As for the second question of whether all the bad things
happening in the world are President Obama's fault, the answer is of course
"no." He is not responsible for age-old hatreds or artificial colonial
boundaries in the Middle East. Nor is he to blame for the fanaticism that burns
in the hearts of terrorists. And it's true he didn't start the wars in Iraq and
Afghanistan. Besides, he has had some tangible security successes, like getting
Osama bin Laden and degrading the old leadership of al Qaeda, and helping convince
Syria to destroy some of its chemical weapons.
But if he is to get credit for these achievements, he must
also be held accountable for his failures. Either because of neglect, ideology,
or inconstancy, the president has made matters much worse in Iraq, Syria,
Libya, Egypt, and Central America (and may be about to do the same in
Afghanistan). He abandoned Iraq too quickly; attacked Libya without adequate
follow-up; flip-flopped too many times on Egypt and Syria; and turned a blind
eye as the "northern triangle" of Central America was overrun by drug cartels. On
his watch the threat of terrorism against the United States is arguably at its
most severe since Sept. 10, 2001. And despite the high-profile summits on
Africa, many regional experts regardless of party affiliation are disappointed
that U.S. Africa policy has been less energetic than in previous
The same thing is true with respect to the Russia "reset"
policy. The whole policy was sold on the naïve premise that reaching out to
Russia would bring greater cooperation from Moscow. The exact opposite has
happened. Russia has grown much more aggressive and has forced the
administration to abandon completely the reset policy. While this may be
rationalized as a "smart" policy merely adjusting to a changing "reality," it
should be remembered at the time that the president's critics predicted it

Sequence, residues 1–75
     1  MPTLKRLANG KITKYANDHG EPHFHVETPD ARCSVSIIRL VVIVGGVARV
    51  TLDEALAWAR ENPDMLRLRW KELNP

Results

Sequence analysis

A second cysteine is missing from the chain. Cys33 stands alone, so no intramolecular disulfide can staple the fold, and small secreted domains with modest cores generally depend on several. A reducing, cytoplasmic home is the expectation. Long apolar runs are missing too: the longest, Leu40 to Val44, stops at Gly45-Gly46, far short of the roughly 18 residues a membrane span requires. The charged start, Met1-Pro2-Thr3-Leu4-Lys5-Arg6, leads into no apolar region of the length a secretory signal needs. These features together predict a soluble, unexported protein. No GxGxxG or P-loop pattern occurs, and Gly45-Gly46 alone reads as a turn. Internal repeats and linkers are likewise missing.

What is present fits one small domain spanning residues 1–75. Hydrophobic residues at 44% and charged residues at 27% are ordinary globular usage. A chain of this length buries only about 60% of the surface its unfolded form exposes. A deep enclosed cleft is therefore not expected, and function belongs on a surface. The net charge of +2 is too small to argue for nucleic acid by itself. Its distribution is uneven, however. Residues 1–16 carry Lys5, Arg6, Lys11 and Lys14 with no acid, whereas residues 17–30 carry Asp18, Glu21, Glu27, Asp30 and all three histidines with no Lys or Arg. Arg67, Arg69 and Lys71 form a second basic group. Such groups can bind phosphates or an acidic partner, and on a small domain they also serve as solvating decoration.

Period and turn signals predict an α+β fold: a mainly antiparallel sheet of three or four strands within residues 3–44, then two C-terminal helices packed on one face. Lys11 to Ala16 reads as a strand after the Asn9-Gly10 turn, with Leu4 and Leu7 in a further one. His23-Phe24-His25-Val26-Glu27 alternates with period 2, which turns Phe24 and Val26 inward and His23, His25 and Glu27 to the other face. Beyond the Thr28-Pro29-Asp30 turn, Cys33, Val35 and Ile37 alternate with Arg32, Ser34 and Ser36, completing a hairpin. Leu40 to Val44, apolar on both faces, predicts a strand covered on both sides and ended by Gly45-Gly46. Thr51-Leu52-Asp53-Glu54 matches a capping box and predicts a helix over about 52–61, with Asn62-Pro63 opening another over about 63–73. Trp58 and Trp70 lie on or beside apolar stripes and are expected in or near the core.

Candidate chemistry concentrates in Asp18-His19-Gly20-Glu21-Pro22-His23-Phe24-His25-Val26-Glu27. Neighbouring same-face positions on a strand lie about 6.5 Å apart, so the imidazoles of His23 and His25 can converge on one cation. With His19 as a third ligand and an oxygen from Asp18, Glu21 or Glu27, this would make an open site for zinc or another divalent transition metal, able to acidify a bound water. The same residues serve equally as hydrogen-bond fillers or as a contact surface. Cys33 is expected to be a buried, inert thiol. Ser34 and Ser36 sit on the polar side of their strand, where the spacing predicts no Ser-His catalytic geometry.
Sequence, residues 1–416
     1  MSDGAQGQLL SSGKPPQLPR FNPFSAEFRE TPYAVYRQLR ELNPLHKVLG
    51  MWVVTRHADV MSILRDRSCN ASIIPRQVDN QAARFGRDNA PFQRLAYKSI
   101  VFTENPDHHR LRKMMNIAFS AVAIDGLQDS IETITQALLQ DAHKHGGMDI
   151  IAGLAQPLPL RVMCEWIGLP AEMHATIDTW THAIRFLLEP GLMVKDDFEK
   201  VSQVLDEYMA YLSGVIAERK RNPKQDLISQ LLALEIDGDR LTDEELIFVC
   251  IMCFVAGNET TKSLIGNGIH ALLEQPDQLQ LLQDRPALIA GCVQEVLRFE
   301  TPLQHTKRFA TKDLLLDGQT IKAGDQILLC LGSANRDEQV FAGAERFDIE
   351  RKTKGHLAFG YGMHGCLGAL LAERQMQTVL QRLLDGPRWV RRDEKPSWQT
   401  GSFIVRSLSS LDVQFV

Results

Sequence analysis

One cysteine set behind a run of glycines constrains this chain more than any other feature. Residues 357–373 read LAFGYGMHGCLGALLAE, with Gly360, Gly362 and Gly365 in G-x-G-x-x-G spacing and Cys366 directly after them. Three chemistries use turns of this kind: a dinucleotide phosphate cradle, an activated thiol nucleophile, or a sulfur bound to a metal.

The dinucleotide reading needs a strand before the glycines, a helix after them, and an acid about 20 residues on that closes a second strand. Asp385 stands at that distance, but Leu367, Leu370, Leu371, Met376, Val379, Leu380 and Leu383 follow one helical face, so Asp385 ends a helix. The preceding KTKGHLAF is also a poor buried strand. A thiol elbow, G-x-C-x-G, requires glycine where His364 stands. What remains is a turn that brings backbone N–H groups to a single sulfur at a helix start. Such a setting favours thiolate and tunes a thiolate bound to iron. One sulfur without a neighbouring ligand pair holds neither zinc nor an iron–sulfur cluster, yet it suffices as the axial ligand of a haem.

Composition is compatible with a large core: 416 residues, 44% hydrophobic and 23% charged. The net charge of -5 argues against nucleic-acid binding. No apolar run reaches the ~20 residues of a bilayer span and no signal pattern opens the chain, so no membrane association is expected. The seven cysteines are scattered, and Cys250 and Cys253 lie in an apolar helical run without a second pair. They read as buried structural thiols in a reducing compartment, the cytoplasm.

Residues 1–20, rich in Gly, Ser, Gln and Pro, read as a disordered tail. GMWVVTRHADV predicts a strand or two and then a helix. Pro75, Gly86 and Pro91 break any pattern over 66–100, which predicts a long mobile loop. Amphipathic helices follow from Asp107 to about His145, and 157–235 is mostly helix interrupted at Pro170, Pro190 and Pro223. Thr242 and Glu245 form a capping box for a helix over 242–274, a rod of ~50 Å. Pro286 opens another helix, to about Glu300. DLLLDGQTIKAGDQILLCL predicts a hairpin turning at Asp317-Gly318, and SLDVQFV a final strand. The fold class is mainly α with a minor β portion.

would come to this, and yet he ignored them.
One could argue that other achievements balance the scale in
the administration's favor. They could point to the successes we mentioned
earlier, or list scores of supported international programs dedicated to global
health, women's rights, climate change, arms control, and other causes. Or they
could even claim that things would have been worse had the president done what
his critics wanted -- like support the moderate rebels or launch airstrikes
against Syria. But at the end of the day, the success of a foreign-policy
strategy must be measured not by well-intentioned programs or by hypothetical
claims of wars avoided, but by whether the state of the world has improved and
America's security position is better.
By these measures the current approach has failed. The world
is a more dangerous place. The threats to American security are higher. And
specific crises vital to our interests are worse as a result of specific U.S.
decisions and policies. All the millions of dollars spent on international
programs -- and indeed all the time effort put into nuclear arms treaties and
negotiations -- have done precious little to stop the rising tide of threats to
America and the world. If the administration wants to take credit for stopping
all the hypothetical "bad stuff" (usually characterized as "wars" averted) that
they claim their opponents wanted, it is only fair they accept full
responsibility for the consequences not only of their actions but also their inaction.
We can and must do better, but to do so we have to answer
some hard questions.
What are the underlying causes of current policy failures?
It's not enough to ascribe blame and question motives. Nor is it useful to
personalize criticism against President Obama himself. He will not be on the
ballot in 2016, even if his legacy will. But we do have to understand why
certain policies are not working so as not to repeat them.
Nor is it enough merely to criticize. We need lay out a
different set of principles. From them we can deduce specifically what can be
done differently to restore America's reputation, credibility, and leadership
role in the world.
In the next installment in this series we will attempt to
answer these questions. The purpose, once again, is to spark a debate looking
forward to the presidential election in 2016. This should not be a partisan
exercise. The presidential contenders who wish to challenge the current
approach -- whether they are Democrat or Republican -- need to focus on what's
wrong and try to fix it. They will have some hard thinking to do.